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. Last Updated: 07/27/2016

Thousands Protest as MMM Halts Sales


MMM, Russia's largest investment company with at least 5 million stockholders, stopped honoring its own shares Tuesday at offices throughout Moscow in what could be the collapse of the reputed pyramid scheme.

"This is a catastrophe," said Anna Chernova, 25, one of some 20,000 angry investors who gathered outside MMM headquarters in southern Moscow after being turned away from the company's 60 other offices in the capital. Many said they planned to spend the night.

Until Tuesday, the company's shares had skyrocketed in value, from 1,600 rubles in February to 105,600 rubles on Monday (from about $1 at the February exchange rate to more than $50 at the current rate).

The company's aggressive advertising campaign, along with a promise to redeem its own shares at values quoted in advance, brought in droves of new shareholders. MMM commercials and share quotations for Thursday citing a buying price of 125,000 rubles per share continued to run Tuesday on Russian Television amid news reports that the company could be collapsing.

MMM officials said Tuesday that the shutdown was temporary. As of Tuesday afternoon, MMM shares were still selling for 110,000 rubles apiece at the Russian Raw Materials and Commodities Exchange, while speculators were offering to pay 50,000 rubles per share at MMM headquarters.

Nonetheless, investor Antonina Kozina, 65, said she was sure the company had collapsed, and immediately blamed the government for the several million rubles she lost.

"The government turned into worthless paper my savings in Sberbank three years ago and now it kills the company which helped me get by," she said, referring to the freezing of accounts at the state savings bank in early 1992.Russian officials at all levels have long been warning that the company had no substantial investments. Last week alone, the Finance Ministry issued a statement warning Russians that some MMM securities were illegal, Russian tax authorities announced that one MMM division had failed to pay 49.9 billion rubles in taxes and sanctions, and the State Anti-Trust Committee rejected MMM's request to raise its charter capital and issue more shares.

Russian Television reported Tuesday night, however, that MMM-Invest, one of the company's 22 divisions, was the third largest shareholder in giant carmaker AvtoVAZ after the government and the All-Russian Automobile Alliance. The report could not immediately be confirmed.

Anatoly Krasikov, head of President Boris Yeltsin's press service, declined to comment on the news Tuesday afternoon. "We're not dealing with it," he said. "This is not our question."

One official with MMM admitted this week that the company was running a pyramid scheme, in which high returns on investments are paid with revenues from the sale of more shares. However, MMM spokesman and advertising director Bakhyt Kilibayev, who was out filming a new commercial Tuesday, denied the pyramid allegation in an interview over his cellular telephone.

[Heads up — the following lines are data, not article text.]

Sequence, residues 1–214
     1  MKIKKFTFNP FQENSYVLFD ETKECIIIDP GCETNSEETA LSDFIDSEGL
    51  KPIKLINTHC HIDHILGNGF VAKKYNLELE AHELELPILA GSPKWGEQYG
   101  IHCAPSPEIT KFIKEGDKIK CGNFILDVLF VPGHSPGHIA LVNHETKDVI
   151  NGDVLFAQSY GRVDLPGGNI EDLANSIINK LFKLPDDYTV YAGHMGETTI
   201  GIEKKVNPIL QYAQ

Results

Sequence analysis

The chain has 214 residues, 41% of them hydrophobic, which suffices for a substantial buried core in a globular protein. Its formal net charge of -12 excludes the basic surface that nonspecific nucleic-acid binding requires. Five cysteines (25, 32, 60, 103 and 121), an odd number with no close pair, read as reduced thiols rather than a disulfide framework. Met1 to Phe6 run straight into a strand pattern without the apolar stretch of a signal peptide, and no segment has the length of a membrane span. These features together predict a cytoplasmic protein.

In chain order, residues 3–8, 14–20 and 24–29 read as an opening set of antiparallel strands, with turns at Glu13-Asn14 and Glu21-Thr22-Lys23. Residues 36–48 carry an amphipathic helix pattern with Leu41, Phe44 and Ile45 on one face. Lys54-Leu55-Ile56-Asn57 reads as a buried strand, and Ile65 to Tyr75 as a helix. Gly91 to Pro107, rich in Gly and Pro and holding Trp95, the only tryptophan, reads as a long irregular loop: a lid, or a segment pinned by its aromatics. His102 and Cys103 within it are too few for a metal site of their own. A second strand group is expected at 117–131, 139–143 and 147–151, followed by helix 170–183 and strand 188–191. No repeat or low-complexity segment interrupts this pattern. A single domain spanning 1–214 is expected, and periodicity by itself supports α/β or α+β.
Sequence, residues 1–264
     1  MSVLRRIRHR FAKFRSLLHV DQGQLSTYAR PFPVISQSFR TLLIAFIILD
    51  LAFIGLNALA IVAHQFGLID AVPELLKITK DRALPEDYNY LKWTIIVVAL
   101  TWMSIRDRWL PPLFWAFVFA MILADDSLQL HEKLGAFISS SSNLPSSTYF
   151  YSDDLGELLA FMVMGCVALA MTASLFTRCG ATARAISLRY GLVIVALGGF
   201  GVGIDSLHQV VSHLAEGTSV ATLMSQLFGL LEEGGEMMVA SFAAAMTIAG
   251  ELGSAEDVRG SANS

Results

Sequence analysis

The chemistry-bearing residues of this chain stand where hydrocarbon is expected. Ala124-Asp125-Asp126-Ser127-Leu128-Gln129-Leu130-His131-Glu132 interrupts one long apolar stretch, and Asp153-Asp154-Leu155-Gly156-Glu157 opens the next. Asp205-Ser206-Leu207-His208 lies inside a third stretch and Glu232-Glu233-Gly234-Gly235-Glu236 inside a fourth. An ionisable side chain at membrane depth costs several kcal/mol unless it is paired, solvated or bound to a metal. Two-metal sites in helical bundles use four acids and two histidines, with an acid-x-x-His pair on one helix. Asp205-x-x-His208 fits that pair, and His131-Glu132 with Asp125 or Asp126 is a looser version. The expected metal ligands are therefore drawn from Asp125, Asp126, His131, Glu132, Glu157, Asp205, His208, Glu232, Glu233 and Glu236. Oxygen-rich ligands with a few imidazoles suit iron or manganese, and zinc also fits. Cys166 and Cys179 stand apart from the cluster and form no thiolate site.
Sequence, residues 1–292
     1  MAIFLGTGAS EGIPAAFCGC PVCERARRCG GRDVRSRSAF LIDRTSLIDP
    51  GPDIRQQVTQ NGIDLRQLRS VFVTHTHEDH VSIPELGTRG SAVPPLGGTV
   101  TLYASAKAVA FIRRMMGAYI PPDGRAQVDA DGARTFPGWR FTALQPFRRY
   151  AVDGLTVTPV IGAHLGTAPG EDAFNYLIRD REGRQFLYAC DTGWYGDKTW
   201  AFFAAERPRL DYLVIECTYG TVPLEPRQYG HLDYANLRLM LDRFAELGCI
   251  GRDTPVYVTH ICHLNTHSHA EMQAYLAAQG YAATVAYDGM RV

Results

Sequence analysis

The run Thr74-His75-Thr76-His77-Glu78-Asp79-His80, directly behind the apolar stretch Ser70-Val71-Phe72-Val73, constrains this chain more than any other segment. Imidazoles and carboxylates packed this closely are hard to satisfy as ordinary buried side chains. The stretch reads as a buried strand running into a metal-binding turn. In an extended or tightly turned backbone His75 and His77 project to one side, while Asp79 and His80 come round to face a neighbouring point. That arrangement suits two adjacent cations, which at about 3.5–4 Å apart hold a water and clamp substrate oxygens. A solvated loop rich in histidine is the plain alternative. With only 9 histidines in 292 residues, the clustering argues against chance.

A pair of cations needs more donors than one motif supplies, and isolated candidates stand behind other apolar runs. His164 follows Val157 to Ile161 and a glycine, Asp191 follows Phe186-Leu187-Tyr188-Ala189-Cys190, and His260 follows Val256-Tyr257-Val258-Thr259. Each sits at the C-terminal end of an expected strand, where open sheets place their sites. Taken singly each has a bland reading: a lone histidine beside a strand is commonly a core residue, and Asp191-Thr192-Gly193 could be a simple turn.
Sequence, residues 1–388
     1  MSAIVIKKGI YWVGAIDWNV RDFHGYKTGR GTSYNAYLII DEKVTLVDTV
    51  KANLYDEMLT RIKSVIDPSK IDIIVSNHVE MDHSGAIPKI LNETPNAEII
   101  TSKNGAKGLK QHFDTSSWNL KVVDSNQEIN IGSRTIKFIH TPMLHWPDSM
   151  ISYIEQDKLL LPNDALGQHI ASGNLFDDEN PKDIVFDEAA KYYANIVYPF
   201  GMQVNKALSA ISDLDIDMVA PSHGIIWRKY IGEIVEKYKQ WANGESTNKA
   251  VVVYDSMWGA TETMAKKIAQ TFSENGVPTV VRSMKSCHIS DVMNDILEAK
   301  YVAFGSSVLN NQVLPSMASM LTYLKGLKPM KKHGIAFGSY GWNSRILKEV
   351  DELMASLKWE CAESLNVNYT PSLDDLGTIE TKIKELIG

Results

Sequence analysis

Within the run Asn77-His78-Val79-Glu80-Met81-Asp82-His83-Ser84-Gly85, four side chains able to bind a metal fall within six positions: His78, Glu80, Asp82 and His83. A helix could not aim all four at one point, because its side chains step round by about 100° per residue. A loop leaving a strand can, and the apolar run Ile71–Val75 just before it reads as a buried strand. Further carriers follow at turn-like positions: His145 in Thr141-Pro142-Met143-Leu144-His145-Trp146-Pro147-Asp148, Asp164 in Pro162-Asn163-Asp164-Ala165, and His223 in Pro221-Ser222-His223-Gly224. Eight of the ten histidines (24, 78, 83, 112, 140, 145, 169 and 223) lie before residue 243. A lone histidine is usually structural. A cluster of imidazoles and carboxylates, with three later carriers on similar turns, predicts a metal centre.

Some investors have also acknowledged that they were playing a game. "I always knew I could lose and now it happened," said Liya Galkina, 60, on Tuesday after she learned that her shares would not be redeemed.

But Yevgeny Beletsky, deputy manager of one MMM office in downtown Moscow, said in a telephone interview that the shutdown was the result of a temporary cash supply problem.

"We've received an instruction from our headquarters to temporarily stop buying the shares," Beletsky said. "The instruction explained that the company lacks money collectors and those it has are not doing a good job to provide cash supply to all offices."He said that he was told by higher MMM officials that the company needed "to wait until its dispute with the Finance Ministry and tax officials is settled.

"I have no idea what will happen tomorrow," he said.

The news of MMM's refusal to pay came as MMM president Sergei Mavrodi, in newspaper advertisements published Tuesday, threatened to hold a referendum among the company's shareholders on confidence in the government.

In a statement headlined "Declaration of Dislike," the secretive MMM founder maintained that the company had 10 million shareholders, calling them a "political force" that the government dare not stifle by cracking down on the company.

Referring to characters in the company's advertisements, who grow rich through investments in MMM, Mavrodi wrote: "So, the authorities do not like Lyonya Golubkov and Marina Sergeyevna. But do Lyonya Golubkov and Marina Sergeyevna like these very authorities?"

Valery Grishin, spokesman for Prime Minister Viktor Chernomyrdin, said in a telephone interview Tuesday that the government was worried about possible social consequences of the collapse of the pyramid.

"This scheme is well known around the world and it never lasts very long," Grishin said. "When it comes to an end, the top takes off and shareholders raise a storm. And who do you think they would ask for protection? The government."

-- Mark Whitehouse contributed to this article.